from The American Heritage® Dictionary of the English Language, 4th Edition
- n. The third Sunday before Lent.
from Wiktionary, Creative Commons Attribution/Share-Alike License
- n. A Sunday in the Christian calendar nine weeks before Easter Sunday.
from the GNU version of the Collaborative International Dictionary of English
- n. The third Sunday before Lent; -- so called because it is about seventy days before Easter.
from The Century Dictionary and Cyclopedia
- n. A period of seventy days.
- n. [capitalized] The third Sunday before Lent: more fully called Septuagesima Sunday.
from WordNet 3.0 Copyright 2006 by Princeton University. All rights reserved.
- n. the 3rd Sunday before Lent (or the 9th before Easter)
The Lady and the Unicorn takes place during two years, starting during Lent-Eastertide 1490 and ending in Septuagesima 1492.
Why the day (or the week, or the period) has the name Septuagesima, and the next Sunday
Fro the Sondaie called Septuagesima (because there are seuentie daies, betwiene that and the octaues of Easter) thei would vs to renue the memorie of Christes Fasting, Passion, Death and
All that we need notice here is that this penitential season, which at a considerably later period was thrown back to the Sunday known as Septuagesima (strictly the Sunday within the period of seventy days before Easter), began earlier or later according to the day on which Easter Sunday fell, while the later additions at the other end -- such as Trinity Sunday, Corpus
Fro the Sondaie called Septuagesima (because there are seuentie daies, betwiene that and the octaues of Easter) thei would vs to renue the memorie of Christes Fasting, Passion, Death and Bewrialle.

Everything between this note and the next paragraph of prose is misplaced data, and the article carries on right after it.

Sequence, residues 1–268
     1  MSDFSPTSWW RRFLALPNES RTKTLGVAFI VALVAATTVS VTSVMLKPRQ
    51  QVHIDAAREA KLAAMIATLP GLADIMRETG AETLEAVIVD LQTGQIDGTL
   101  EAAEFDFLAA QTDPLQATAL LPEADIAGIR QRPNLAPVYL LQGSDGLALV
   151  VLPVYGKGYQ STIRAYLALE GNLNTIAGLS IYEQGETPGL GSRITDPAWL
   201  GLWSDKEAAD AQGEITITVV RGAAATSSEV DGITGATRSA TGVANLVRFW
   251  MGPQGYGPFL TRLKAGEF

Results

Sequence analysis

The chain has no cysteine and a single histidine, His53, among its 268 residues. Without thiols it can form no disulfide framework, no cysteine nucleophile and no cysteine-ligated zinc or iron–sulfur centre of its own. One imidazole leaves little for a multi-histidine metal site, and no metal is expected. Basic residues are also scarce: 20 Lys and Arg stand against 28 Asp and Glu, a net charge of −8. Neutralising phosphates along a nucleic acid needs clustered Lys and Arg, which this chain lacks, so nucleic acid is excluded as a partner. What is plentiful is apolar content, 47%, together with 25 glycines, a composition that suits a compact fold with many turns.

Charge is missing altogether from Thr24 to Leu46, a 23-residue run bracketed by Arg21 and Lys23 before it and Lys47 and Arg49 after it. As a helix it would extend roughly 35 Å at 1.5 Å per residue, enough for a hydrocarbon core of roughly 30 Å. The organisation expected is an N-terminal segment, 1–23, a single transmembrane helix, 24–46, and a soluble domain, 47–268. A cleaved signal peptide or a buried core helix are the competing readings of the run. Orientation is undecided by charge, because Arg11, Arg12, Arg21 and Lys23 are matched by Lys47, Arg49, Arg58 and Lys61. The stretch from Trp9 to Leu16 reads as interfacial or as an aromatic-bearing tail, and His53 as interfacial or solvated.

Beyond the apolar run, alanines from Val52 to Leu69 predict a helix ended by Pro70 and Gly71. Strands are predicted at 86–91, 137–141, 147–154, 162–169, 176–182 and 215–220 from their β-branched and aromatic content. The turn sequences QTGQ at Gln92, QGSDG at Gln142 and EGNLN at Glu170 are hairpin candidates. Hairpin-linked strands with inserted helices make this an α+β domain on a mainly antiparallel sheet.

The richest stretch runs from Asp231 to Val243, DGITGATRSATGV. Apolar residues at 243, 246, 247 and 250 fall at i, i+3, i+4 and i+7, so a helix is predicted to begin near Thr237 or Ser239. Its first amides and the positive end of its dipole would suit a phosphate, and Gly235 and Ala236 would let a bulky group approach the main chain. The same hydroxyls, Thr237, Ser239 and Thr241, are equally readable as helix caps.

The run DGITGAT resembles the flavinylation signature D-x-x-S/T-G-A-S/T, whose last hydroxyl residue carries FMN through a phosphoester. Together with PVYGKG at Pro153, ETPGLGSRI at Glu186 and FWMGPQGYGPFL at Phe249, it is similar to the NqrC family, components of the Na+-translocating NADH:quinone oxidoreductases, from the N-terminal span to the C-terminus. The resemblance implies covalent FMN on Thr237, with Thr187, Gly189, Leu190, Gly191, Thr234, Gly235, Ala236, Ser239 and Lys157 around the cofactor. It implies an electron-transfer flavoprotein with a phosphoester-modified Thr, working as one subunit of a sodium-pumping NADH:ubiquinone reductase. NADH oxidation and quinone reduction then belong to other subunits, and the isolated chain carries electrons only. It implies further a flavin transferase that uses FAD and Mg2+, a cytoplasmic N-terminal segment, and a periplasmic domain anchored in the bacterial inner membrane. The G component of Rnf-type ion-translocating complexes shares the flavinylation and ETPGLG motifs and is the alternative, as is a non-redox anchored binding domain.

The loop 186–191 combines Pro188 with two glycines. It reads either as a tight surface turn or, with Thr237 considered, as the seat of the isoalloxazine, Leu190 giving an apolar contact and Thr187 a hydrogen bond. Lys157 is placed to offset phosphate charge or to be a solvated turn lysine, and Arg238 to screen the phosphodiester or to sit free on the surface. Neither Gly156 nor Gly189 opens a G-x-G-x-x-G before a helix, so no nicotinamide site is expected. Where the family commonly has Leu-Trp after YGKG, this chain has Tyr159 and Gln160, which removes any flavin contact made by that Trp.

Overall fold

In liturgical literature the name "Septuagesima" occurs for the first time in the Gelasian Sacramentary.
The photos, taken by "Newman" of Rinascimento Sacro, capture the Mass of Septuagesima Sunday (calendar of the usus antiquior) which was celebrated by Fr. Vincenzo Nuara, O. P, founder of Giovanie e Tradizione as well as the "Priestly Friends of Summorum Pontificum".
Therefore one could propose it especially for occasions when there is some particular richness of the old missal of which one could benefit (especially if in the other calendar there is nothing special foreseen): for example, for the time of Septuagesima, for the four Embertides or for the Vigil of Pentecost, and maybe even in the case of certain special communities, both of consecrated life and of brotherhoods or fraternities.
The word Alleluja is removed from the entire liturgy on Septuagesima Sunday; on Passion Sunday, the doxology is removed from the Invitatory, the Responsories, and the Mass.
Today, at first Vespers of Septuagesima Sunday, we sing the Alleluia for the last time.